In accordance with a method of the present invention, polyol(allyl carbonate) monomer is dissolved in a solvent in which the polymer produced from such monomer is also soluble. Preferably, the initiator used to conduct the polymerization is also soluble in the solvent. The resulting liquid solution comprising polyol(allyl carbonate) monomer, solvent and preferably initiator is then partially polymerized, e.g., by heating the liquid solution to polymerization temperatures. The polymerization reaction is allowed to continue until from 20 to 50 percent allylic utilization is attained, i.e., until from 20 to 50 percent of the unsaturated carbon--carbon linkages in the monomer are consumed. The degree of allylic utilization can be controlled by regulating the amount of initiator added to the liquid solution, the temperature at which the partial polymerization is performed, and the ratio of solvent to polyol(allyl carbonate). Generally, the greater the amount of initiator used, the higher is the allylic utilization. The higher the temperature of polymerization, the lower is the degree of allylic utilization.
In a preferred embodiment, from about 0.1 to about 1.5 weight percent of initiator, basis the amount of monomer, from about 0.5 to 5 milliliters of solvent per gram of monomer, and polymerization temperatures of from 28° C. to about 100° C. are used. The degree of allylic utilization can be monitored by nuclear magnetic resonance (NMR) and infrared (IR) spectroscopy. The solvent in the resulting composition can be removed by known techniques, e.g., by evaporation or distillation, leaving a viscous liquid comprising a solution of partially polymerized polyol(allyl carbonate) in polyol(allyl carbonate) monomer. This liquid product is for convenience, referred to herein as "liquid polymer".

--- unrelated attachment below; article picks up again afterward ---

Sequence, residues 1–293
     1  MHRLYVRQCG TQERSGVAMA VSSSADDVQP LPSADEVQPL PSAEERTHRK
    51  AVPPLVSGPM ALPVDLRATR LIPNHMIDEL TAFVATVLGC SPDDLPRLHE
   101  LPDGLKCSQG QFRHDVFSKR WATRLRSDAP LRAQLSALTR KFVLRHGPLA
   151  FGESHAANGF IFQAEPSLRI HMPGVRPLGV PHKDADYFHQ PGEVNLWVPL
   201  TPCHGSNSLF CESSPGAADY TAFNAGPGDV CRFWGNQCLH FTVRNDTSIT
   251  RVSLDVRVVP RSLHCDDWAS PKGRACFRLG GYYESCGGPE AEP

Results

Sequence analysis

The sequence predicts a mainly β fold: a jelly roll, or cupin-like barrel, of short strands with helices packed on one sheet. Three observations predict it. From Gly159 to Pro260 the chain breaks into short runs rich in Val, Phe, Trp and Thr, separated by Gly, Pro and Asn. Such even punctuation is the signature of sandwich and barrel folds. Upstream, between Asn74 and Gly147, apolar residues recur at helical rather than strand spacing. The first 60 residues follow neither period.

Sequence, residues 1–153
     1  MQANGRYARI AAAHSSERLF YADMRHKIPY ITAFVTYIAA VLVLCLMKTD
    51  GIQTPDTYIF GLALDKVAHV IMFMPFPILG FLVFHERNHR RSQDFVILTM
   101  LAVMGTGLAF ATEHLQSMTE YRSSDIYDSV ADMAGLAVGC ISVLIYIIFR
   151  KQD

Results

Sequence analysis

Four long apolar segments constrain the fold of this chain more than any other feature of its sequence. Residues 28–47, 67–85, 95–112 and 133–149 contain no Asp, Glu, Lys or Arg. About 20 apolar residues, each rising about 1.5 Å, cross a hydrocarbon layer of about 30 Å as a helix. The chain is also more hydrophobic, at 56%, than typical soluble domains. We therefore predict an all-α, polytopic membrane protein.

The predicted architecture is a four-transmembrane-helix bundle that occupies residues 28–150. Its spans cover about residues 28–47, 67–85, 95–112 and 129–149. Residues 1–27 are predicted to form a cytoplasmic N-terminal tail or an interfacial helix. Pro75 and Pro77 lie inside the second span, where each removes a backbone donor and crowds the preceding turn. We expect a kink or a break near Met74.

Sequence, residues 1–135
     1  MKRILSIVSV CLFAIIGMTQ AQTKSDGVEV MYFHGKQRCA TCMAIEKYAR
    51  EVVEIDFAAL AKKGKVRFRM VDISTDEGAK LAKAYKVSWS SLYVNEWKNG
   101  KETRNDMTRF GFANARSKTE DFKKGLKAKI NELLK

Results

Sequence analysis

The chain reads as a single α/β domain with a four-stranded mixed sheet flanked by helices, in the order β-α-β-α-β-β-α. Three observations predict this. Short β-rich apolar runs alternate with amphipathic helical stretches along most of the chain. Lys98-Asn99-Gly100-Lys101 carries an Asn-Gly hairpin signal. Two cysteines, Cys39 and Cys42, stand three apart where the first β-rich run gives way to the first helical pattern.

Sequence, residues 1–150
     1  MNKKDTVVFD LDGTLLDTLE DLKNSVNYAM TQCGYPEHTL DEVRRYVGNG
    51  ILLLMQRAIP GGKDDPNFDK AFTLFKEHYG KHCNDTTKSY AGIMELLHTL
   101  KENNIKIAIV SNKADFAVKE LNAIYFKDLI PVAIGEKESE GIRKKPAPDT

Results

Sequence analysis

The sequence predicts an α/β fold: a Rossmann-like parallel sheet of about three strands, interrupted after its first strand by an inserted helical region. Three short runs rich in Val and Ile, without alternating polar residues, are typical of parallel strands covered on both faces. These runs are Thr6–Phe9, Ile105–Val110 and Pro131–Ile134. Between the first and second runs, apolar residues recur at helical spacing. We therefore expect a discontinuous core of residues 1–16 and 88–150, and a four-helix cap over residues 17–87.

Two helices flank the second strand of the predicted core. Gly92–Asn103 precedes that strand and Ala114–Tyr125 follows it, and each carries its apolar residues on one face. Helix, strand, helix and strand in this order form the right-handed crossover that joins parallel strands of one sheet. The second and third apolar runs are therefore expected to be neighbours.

The liquid polymer is typically a pourable, syrupy liquid having a kinematic viscosity (measured with a capillary viscometer) of from at least about 100 centistokes to about 100,000 centistokes, typically from about 1000 to 40,000 centistokes, more typically from about 1,000 to 2,000 centistokes, measured at 25° C., and a bulk density at 25° C. of from about 1.17 to about 1.23 grams per cubic centimeter. The liquid polymer is further characterized by having from about 20 to 50 percent allylic utilization, as determined by IR or NMR analysis. IR analysis is preferred. The liquid polymer can be polymerized to a hard product without further additives other than an initiator, i.e., it can be directly cast, molded or the like with only the addition of initiator.
Alternatively, various cure enhancing additives can be added to the liquid polymer. Typically the cure enhancing additives are mono- or polyfunctional compatible unsaturated acrylate monomers. The cure enhancing additive can be a monofunctional acrylate monomer, a polyfunctional acrylate monomer or mixtures of such monomers. It is also contemplated that more than one mono- or polyfunctional acrylate monomer can be added to the liquid polymer as the cure enhancing additive. Additionally, a further different mono-unsaturated monomer can be added to the cure enhanced liquid polymer. In this way there is provided a modified liquid polymer composition comprising liquid polymer and mono- and/or polyfunctional acrylate monomer, or liquid polymer and mono- and/or polyfunctional acrylate monomer and a further different mono-unsaturated monomer. The resulting polymerizable liquid composition can be polymerized to yield a solid rigid, hard polymerizate.